A growing amount of notice is going toward brain issues, for soldiers, athletes and car crash victims. The attention is fabulous, and now innovative methods are becoming available that may help victims. One new strategy is known as NDT (Neurodevelopmental Therapy). This can be used in a variety of therapeutic disciplines, including pediatric physical therapy.
Basically, Neurodevelopmental Therapy is a way to look at issues on a very personal level. Pediatric physical therapists use hands-on methods and advanced tools to train patients on functional tasks. For example, think of a child with special needs who is unable to walk due to the problem might set little goals. One would probably be moving the feet from the footrest on a wheelchair using the patient's own strength. In this case, the pediatric physical therapist would help the patient hands-on.
Neurodevelopmental Therapy is patient-driven, because each patient has set goals. For kids with disabilities, goals may be set by the parents. For adults dealing with injuries or stroke, the goal might be learning to reach to the side without losing balance. Elite physical therapists who try these methods say that a patient's view of their own treatment is very important.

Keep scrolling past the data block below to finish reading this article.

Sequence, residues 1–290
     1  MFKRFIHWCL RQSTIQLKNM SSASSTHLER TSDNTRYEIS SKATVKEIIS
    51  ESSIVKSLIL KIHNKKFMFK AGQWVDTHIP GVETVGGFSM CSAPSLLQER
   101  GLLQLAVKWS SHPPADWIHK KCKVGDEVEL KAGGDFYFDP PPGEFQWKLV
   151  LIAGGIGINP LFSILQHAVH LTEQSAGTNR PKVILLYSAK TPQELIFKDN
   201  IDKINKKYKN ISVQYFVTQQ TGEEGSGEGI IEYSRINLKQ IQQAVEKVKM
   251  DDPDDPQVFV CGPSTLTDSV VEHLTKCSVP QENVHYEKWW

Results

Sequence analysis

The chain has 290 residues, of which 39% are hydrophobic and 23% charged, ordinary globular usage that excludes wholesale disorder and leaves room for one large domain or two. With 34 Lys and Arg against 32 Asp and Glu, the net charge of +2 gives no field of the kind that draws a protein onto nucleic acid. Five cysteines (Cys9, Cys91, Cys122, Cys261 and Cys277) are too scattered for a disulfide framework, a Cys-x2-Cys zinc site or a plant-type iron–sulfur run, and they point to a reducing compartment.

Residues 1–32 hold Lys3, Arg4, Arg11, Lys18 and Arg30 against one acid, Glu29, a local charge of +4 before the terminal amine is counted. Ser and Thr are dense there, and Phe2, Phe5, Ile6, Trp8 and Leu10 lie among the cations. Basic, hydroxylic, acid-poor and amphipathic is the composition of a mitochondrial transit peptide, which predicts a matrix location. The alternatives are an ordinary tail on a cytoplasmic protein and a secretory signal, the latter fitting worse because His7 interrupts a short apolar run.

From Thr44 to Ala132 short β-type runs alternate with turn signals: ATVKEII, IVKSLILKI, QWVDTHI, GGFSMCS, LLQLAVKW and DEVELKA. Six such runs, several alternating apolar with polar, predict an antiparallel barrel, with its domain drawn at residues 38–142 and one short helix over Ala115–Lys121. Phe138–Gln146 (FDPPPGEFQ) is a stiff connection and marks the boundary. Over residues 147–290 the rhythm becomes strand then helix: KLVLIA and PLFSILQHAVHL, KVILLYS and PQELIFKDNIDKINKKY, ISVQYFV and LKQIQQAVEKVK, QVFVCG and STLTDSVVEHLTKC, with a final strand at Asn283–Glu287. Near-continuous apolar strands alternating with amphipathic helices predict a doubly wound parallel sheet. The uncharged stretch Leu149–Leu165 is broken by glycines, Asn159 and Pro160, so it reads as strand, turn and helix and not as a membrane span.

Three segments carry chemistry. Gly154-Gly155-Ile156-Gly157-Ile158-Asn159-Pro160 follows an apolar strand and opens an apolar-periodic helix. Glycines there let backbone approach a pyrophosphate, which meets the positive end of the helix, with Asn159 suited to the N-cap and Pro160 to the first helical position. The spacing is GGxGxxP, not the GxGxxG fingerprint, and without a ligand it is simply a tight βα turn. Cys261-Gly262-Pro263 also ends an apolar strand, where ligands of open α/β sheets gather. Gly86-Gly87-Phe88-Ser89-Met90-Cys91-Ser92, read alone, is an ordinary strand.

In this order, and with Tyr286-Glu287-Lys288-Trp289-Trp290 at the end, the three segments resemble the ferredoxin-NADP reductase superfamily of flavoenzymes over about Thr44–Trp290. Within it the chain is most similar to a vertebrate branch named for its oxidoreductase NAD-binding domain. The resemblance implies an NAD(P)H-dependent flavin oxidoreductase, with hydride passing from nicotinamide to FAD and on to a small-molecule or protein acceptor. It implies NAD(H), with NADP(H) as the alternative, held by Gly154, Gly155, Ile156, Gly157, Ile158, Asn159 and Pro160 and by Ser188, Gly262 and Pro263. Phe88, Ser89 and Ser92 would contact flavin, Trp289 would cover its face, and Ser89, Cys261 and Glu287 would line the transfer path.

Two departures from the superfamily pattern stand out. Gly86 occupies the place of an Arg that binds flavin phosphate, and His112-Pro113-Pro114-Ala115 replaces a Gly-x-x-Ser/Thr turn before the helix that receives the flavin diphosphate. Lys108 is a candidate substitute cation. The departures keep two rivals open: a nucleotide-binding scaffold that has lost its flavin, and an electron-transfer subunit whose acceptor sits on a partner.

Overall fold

Besides the intuitive sense that it works, Neurodevelopmental Therapy truly gets real, powerful results. People treated with it need fewer assistive devices and less adaptive equipment while achieving an improvement in proper positioning. Goals can be set, and reached, in speech, eating, movement and other occupational therapy tasks.
For kids with disabilities, physical therapists can use Neurodevelopmental Therapy to help them be less dependent. This can include learning to support oneself, learning to climb stairs, or even crawl or stand. Practitioners of this method believe that some degree of improvement is within reach of almost everyone, even those with the most serious conditions.
The research about Neurodevelopmental Therapy isn't very extensive, but the topic isn't really being challenged. Many of the research papers were about just a few patients, so aren't widely applicable. But it all makes sense and a growing number of physical therapists for children and other specialists are trying it.
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